Sunday, March 15, 2015

Ask and you shall receive...but it isn't free

This past week, I saw where a guy posted up some progress pics in regards to his fat loss diet.  The coach he had been using had obviously done a great job working with this guy, as his results were exceptional.

He later posted that he had received several messages from people, as to what his diet looked like, and if they could have a copy of it.

So, he paid a coach for his diet, his coach gave him personal attention and detail in regards to said diet, and other people wanted know...for free.

This irritates the living shit out of me.  

How would you like it, if you were a carpenter, and someone messaged you and asked you to come fix up some new cabinets for their know...for free? 

Sounds pretty outrageous doesn't it?

What if you were a mechanic that owned a small garage, and someone shot you an e-mail asking if you would come and take time out of your day to look at their transmission and see what is wrong with know....for free?  

Some people will do that.  But most places have a charge for that because time is money.  And the time they take out to look at your shit, can mean money lost because it's time they divert away from paying customers.  

This has become very common in the fitness industry.  People think that it's perfectly ok to run around asking for advice, diets, training programs, books, etc for free, from people who make a living providing those services.

I still can't figure out how to get my head around the fact that people often justify this by saying shit like "when did someone corner the market on a training program?"

They didn't.  You're paying for a service.  And if it's from an expert or professional, you should EXPECT to pay for it.  

A while back Charles Poliquin was doing some of John Meadow's mountain dog training under John's tutelage.  When he wrote about the great results he got from it, people publicly asked to see what the training program was.  

If just now, in your mind, you don't see a problem with that, then you really need to find a fire hydrant, jump up as high as you can, and slam your face into it.  

I'm being dramatic because it's a very irritating subject for me.  I have heard and lived this story many, many times.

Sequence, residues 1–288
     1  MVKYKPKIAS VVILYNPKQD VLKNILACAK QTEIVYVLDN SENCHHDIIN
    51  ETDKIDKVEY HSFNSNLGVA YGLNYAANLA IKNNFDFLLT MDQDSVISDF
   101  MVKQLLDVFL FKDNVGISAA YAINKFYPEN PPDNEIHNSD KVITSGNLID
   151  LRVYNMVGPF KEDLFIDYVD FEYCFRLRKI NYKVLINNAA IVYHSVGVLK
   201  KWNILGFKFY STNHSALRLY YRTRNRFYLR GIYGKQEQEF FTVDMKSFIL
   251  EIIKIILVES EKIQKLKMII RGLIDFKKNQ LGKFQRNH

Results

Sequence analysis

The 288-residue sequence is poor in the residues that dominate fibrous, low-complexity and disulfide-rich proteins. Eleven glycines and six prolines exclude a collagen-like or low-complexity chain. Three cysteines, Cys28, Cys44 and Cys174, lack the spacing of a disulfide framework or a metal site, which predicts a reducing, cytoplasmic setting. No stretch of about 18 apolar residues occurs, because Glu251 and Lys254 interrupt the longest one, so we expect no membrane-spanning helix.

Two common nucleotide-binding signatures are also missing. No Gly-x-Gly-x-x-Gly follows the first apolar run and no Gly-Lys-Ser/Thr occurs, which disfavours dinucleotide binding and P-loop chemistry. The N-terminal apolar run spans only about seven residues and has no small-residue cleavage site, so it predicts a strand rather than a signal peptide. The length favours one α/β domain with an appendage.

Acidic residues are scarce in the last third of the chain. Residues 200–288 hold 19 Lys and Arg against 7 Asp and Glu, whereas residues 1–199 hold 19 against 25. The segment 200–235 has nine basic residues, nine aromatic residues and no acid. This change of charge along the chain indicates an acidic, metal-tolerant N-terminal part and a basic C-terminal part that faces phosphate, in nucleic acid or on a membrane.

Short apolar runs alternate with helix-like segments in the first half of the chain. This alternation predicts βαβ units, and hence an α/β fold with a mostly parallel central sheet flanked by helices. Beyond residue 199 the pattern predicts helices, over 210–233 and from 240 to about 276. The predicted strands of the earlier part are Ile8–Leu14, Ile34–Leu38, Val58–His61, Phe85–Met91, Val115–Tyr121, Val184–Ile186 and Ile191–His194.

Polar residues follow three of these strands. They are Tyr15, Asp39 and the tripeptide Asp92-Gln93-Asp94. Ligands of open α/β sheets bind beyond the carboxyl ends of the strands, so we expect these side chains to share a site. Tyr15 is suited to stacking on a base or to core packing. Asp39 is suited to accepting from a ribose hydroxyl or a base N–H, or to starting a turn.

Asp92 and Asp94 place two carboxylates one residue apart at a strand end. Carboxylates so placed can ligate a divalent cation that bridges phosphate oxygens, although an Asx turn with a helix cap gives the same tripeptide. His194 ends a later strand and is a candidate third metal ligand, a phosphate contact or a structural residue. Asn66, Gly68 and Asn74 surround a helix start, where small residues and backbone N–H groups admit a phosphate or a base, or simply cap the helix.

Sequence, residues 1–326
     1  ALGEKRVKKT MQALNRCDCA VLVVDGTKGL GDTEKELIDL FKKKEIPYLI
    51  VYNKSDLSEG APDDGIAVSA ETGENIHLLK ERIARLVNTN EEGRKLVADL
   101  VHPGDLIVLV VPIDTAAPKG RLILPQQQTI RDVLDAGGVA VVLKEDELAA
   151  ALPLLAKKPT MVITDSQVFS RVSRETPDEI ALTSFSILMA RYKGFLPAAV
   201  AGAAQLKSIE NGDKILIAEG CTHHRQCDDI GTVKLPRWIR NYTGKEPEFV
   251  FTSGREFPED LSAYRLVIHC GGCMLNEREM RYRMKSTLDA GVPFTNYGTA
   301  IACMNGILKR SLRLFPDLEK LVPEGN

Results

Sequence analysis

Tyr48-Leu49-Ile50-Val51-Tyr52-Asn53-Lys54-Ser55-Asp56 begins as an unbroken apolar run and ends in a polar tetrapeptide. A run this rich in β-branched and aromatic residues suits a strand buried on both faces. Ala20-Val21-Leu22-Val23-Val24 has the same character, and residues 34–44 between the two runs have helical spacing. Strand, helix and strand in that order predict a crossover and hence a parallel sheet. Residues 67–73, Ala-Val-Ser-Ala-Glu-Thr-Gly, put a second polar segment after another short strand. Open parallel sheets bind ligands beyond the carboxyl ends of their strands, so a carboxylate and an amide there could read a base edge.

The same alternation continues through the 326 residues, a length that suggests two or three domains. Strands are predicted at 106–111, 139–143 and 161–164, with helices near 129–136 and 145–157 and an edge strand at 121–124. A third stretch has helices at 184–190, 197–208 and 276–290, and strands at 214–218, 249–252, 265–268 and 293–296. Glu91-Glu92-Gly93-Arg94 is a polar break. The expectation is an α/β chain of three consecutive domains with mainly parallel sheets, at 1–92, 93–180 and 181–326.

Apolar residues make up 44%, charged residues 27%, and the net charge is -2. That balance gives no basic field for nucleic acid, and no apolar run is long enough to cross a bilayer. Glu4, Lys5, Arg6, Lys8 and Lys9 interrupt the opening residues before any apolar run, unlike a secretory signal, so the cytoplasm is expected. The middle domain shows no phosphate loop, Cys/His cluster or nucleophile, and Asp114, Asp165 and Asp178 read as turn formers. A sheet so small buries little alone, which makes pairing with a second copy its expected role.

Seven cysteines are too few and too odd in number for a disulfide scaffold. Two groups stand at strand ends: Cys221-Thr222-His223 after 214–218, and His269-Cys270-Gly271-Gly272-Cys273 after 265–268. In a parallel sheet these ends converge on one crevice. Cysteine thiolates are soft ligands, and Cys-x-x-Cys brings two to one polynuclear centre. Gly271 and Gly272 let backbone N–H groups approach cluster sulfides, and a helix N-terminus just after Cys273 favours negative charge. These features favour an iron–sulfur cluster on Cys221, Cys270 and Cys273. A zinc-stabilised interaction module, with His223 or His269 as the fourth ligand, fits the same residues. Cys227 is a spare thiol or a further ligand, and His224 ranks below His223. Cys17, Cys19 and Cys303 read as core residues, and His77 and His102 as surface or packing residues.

John does this for a living.  So basically people are asking to see a personal program he created for a paying client....for free.  

Again, if you see nothing wrong with this, find a fire hydrant and get to work.

When I started working with  IFBB Pro Fred Smalls, Fred started making incredible gains in mass and strength.  Of course it didn't take long before people asked outright, what his training program was.  You know, exactly what it was.  

Freddie pays me for training.  So do the dozens and dozens of other clients I have.  Is it fair to them for me to just give you their training program, when they had to pay money they earned for it?  

Is it fair for professionals to answer question after question to you, for free, when other people have to pay for that exact service? 

Again, if you don't see a problem with people doing that, go find that fire hydrant.  

I still answer a question here and there because I do want to be helpful.  But I have found there are a few kinds of people in the world in regards to when you open that door, and what they will do with that small opening.

One question becomes two questions.  And two becomes four.  Four becomes nineteen.  

If you're smart, you checked out long before then.  I've literally had guys message or email me a question, I answer it, then get 5 questions back in return.  You know, in numerical order.  



Of course, I'm not answering that, and he or she shouldn't expect me to.  I don't know why they would.  Maybe because I answered the first one?  I don't know.  Maybe because they are a "just let me stick the tip in" kind of guy and thinks that will work on me.  Again, I'm not sure.